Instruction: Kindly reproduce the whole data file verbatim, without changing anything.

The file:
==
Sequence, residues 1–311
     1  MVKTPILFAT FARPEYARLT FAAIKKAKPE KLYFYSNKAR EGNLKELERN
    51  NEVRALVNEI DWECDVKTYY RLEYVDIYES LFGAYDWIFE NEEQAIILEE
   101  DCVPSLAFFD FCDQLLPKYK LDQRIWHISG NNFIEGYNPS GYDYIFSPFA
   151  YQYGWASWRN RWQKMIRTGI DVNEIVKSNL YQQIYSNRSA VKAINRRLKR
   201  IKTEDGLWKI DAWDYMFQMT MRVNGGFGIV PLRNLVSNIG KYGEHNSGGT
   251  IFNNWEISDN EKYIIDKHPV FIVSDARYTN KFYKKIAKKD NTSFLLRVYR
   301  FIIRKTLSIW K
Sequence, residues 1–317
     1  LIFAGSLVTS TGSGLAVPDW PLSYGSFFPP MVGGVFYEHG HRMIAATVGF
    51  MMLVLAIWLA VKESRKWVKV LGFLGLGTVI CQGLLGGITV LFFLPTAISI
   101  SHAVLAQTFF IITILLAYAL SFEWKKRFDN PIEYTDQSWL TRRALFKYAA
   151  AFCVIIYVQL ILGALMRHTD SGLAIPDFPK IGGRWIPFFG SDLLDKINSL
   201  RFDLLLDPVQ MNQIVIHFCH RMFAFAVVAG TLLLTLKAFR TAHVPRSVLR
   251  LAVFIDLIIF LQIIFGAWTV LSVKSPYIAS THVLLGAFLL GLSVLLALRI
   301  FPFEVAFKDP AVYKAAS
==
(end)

Sequence, residues 1–311
     1  MVKTPILFAT FARPEYARLT FAAIKKAKPE KLYFYSNKAR EGNLKELERN
    51  NEVRALVNEI DWECDVKTYY RLEYVDIYES LFGAYDWIFE NEEQAIILEE
   101  DCVPSLAFFD FCDQLLPKYK LDQRIWHISG NNFIEGYNPS GYDYIFSPFA
   151  YQYGWASWRN RWQKMIRTGI DVNEIVKSNL YQQIYSNRSA VKAINRRLKR
   201  IKTEDGLWKI DAWDYMFQMT MRVNGGFGIV PLRNLVSNIG KYGEHNSGGT
   251  IFNNWEISDN EKYIIDKHPV FIVSDARYTN KFYKKIAKKD NTSFLLRVYR
   301  FIIRKTLSIW K
Sequence, residues 1–317
     1  LIFAGSLVTS TGSGLAVPDW PLSYGSFFPP MVGGVFYEHG HRMIAATVGF
    51  MMLVLAIWLA VKESRKWVKV LGFLGLGTVI CQGLLGGITV LFFLPTAISI
   101  SHAVLAQTFF IITILLAYAL SFEWKKRFDN PIEYTDQSWL TRRALFKYAA
   151  AFCVIIYVQL ILGALMRHTD SGLAIPDFPK IGGRWIPFFG SDLLDKINSL
   201  RFDLLLDPVQ MNQIVIHFCH RMFAFAVVAG TLLLTLKAFR TAHVPRSVLR
   251  LAVFIDLIIF LQIIFGAWTV LSVKSPYIAS THVLLGAFLL GLSVLLALRI
   301  FPFEVAFKDP AVYKAAS